• Kids are an expense for sure. Much of the costs listed are optional though. Private schools, cars, etc are luxuries – not necessities in my family. My family was dirt poor and we all survived somehow. I think too often we confusing loving our children with spending on them. Sharing costs with the child, focusing on values, negotiating fees can go a long way. I hear doctors complain about college costs all the time. Why didn’t they “front-load” those expenses into a 529 when the kid was born? Investing wisely produces great returns.

  • I can see it from both sides. While I love and enjoy my kids, especially at a young age it can sometimes be like a second job. That can motivate you to want to remove stress from rest of your life via Fi. But they are costly. From 6-7k for birth to the 10-20k a year day care, to the surprise stitches that cost 3k it can have a massive impact over time. But ..it still can be worth it. Also you never know, one of your kids could be the next star and support you in your old age 🙂

    • VagabondMD

      My wife would say that her kids are her third job. There’s the paid job, the job dealing with me, and the third job is the kids. 🙂

      There are lots of surprises and some are completely out of your control (“surprise stitches” are a modest, limited example). I see plenty of doc friends that have kids with more significant, longer term problems from occasional depression to autism to aggressive cancer to profound anorexia nervosa. Nobody chooses to have children with these and other significant problems, yet they exist and have to be dealt with.

      I have a colleague in his mid-60’s who probably would retire, but he has a child with Down’s Syndrome. As he confided to me, he is planning for retirement for three, with the possibility of the child living far longer than either parent and needing a caregiver for years after his parents are out of the picture.

  • My wife and I aren’t planning on having kids – and while it’s not a financial decision, it definitely makes the idea of Early Retirement a bit more palatable.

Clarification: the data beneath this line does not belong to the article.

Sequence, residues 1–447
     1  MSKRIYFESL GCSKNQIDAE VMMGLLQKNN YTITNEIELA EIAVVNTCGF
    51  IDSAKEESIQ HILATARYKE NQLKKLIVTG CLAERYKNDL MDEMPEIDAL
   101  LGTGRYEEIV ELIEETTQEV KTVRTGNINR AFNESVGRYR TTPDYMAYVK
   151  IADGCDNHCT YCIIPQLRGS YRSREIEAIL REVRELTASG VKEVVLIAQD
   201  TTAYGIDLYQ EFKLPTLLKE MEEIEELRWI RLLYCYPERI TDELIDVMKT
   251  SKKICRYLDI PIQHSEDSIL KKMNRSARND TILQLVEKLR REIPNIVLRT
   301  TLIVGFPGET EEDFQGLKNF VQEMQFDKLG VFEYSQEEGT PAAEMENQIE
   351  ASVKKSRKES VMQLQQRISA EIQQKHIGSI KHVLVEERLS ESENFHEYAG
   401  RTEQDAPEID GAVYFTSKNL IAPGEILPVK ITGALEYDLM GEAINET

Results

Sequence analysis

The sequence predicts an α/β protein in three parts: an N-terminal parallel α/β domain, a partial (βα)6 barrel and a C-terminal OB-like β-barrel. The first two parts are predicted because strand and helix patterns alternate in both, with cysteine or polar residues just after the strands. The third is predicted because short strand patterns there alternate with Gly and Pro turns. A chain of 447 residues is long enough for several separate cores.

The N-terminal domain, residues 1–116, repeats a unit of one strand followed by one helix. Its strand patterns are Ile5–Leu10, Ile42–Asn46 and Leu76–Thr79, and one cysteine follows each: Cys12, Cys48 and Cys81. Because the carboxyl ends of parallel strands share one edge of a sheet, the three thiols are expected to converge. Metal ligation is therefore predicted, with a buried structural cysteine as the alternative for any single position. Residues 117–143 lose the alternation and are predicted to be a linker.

Some of the costs outlined here are eye-opening!

    A very well-written article and good read 🙂

    • VagabondMD

      Thanks, and while I would not discourage you from having children because of the cost, it is obvious to me how much easier financial independence is to achieve without them.

  • Enjoyed your post, Vagabond. The high number of IVF twins and triplets at our local elementary school resonates with your description of unanticipated expenses begetting further unanticipated expenses.

    There is no fool-proof inoculation to protect against failure to launch: A relative told his parents after his freshman year of college that he was considering majoring in music or philosophy. The parents firmly explained that they were only paying for an engineering or economics degree, and that he could philosophize or play music on his own time once he had a job and his own place. He majored in econ and went on to become a high-earning consultant, but an unhappy one. Hard to know if the parents took much solace in their “win.” There has to be a balance between pursuing your bliss and paying your way.

    Agree with posts above that letting older kids have some skin in the game is valuable for all parties. Working part-time and paying for auto, gas, cell plan is part of our goal as our kids get older.

    • VagabondMD

      I have a friend, an attorney, a few years older, who had four children (and later number five with a second wife). He told them all that he would pay for college, but there were rules, and they were stated explicitly to all as they approached college age:
      1. State schools only (out-of-state okay)
      2. You get four years of expenses paid. If it takes longer, it’s on your dime.
      3. If you need some time after college to sort things out, you can stay in our home for six months, rent free. After six months, you pay rent or get your own place.

      Not foolproof, but they all launched successfully. I think that stating and restating the expectations over the years can be effective.

  • Amy Olin

    Thank you for this post PoF. I am turning 40 this year, missed the kid boat (long story…they always are), and decided not to take a late ferry. I often wonder if I’ve made the right decision choosing not to pursue being a biological parent. Posts like this remind me that there are some good things about being child free. I should have no excuse not to be FI before 50 or perhaps I’ve done something terribly wrong. Kids certainly are expensive (I don’t envy those of you with the added financial burden that children put on you), but I’m guessing the trade off is worth it.